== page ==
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The Science of Crisis Communication: Proactive and Reactive Strategies

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The following content is part of our fortnightly newsletter eDMs "Take A Beat Thursday" and was originally sent out on February 8th. If you'd like to join the list and get these in...

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Retirement is a milestone many of us look forward to, but it also brings along a set of financial considerations on how to spend wisely to make sure your retirement plan doesn’t outlast your savings.

The size of Australia’s total superannuation assets was around $3.54 trillion in the June 2023 quarter report, up 7.6% from the year before, according to the industry regulator the Australian Prudential Regulation Authority (APRA).

But even with a booming superannuation sector, everyone’s individual super balance will be different depending on what you’ve been able to save on the road to retirement. How much you’ll need in retirement also depends on many personal factors, including whether you’re single or part of a retired couple.

For example, couples targeting a comfortable retirement at age 67 should aim for approximately $690,000 in retirement savings, while singles should target around $595,000, says research by the Association of Superannuation Funds of Australia (ASFA).

While these figures are just estimates, they can provide useful benchmarks for your retirement.

That’s why planning for your retirement spending is essential to help ensure financial security once you step away from the workforce. Whether you’re nearing retirement or you’ve already retired, strategic planning can help you retire with some confidence.

How to start planning for retirement?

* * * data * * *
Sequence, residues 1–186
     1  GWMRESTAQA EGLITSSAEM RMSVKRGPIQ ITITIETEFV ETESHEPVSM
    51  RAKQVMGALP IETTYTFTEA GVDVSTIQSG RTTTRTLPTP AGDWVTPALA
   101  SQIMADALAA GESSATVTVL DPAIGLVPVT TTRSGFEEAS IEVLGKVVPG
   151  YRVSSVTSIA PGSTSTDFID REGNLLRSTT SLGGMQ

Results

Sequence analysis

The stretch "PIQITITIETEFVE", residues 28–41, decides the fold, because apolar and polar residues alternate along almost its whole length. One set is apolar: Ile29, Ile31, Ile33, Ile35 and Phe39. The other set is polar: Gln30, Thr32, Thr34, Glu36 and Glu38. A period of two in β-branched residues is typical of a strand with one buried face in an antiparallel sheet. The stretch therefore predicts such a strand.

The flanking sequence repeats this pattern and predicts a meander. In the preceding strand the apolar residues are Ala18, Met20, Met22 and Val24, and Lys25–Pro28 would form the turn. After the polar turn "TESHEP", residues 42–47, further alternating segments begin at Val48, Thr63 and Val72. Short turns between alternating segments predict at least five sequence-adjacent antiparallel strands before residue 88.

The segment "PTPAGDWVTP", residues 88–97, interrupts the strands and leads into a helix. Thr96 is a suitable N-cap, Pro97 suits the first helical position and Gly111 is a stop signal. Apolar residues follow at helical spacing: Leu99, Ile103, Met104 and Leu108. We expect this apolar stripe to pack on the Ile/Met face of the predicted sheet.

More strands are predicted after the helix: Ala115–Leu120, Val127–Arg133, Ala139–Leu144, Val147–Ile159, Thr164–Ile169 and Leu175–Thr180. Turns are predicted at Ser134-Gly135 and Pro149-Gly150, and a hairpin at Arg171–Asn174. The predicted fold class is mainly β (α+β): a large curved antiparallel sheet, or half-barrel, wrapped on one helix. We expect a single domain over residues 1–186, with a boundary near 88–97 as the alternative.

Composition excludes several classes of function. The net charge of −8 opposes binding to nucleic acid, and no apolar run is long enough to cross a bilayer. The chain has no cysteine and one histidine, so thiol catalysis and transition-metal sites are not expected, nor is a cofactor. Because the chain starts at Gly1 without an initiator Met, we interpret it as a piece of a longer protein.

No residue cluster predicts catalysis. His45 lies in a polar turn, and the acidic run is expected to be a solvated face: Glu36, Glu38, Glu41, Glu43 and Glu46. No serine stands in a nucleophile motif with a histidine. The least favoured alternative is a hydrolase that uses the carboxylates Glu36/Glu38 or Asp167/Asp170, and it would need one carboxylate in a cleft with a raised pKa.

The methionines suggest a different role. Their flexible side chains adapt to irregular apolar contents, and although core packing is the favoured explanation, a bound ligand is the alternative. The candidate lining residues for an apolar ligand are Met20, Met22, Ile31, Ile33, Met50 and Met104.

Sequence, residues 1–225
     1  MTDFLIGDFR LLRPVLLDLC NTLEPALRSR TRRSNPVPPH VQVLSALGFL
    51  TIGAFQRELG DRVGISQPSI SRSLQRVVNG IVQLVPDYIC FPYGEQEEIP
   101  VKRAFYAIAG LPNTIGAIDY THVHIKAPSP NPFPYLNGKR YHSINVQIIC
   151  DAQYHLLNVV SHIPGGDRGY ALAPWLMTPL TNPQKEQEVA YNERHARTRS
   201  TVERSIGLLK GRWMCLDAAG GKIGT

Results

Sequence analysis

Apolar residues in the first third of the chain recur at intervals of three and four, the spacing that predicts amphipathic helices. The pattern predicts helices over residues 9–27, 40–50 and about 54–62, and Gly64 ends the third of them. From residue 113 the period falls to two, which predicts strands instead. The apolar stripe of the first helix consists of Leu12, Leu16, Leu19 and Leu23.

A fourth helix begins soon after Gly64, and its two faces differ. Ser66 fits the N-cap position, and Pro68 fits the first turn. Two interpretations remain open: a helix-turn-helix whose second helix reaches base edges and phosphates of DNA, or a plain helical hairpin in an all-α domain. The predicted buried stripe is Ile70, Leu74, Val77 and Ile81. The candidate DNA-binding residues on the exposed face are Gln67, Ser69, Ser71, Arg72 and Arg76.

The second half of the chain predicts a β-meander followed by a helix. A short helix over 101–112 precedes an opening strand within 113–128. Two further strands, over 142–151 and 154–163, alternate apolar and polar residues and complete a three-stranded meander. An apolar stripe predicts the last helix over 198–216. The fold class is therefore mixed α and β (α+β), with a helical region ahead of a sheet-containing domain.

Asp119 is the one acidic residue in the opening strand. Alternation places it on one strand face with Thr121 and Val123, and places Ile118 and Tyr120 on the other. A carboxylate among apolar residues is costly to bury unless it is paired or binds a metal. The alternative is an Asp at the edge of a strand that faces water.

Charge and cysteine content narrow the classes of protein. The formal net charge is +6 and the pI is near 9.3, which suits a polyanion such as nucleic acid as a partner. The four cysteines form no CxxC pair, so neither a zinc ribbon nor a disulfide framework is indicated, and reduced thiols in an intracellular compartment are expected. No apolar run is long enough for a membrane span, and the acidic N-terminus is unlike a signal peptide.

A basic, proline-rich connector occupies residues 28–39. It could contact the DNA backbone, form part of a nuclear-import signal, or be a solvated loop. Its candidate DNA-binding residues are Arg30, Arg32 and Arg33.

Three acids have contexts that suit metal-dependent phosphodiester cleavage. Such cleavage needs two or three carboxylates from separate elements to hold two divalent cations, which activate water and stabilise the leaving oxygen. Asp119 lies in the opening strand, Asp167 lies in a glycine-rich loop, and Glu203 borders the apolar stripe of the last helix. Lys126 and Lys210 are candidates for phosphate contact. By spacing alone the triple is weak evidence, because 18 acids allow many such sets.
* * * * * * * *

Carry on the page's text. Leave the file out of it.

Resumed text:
If planning for your retirement sounds daunting, here are a few tips that could help.

Create a retirement budget

If you want to know how much you’ll need when you retire then you need to have an idea of the things that will cost you money. That’s why it’s a good idea to create your own retirement budget.

Start by categorising the essential expenses you’ll face, such as for housing, healthcare, utilities and groceries. Then, allocate funds for discretionary spending, such as travel and leisure.

A well-structured budget acts as a financial roadmap that can help guide your spending decisions and prevent overspending. It empowers you to take control and identify areas where any expenses may be minimised.

For instance, if healthcare costs loom large, you may be able to explore any government-issued concession cards, such as the Low Income Health Care Card or the Commonwealth Seniors Card.

These cards offer discounts and benefits that can ease the financial burden. By incorporating these concessions into any planning, you can optimise resources for a secure retirement.

This is an extract from an article written by Matthew Huang of Active Super for Canstar, published on 30th October 2023.

Read the full story: 5 practical steps to start your retirement planning  - Canstar

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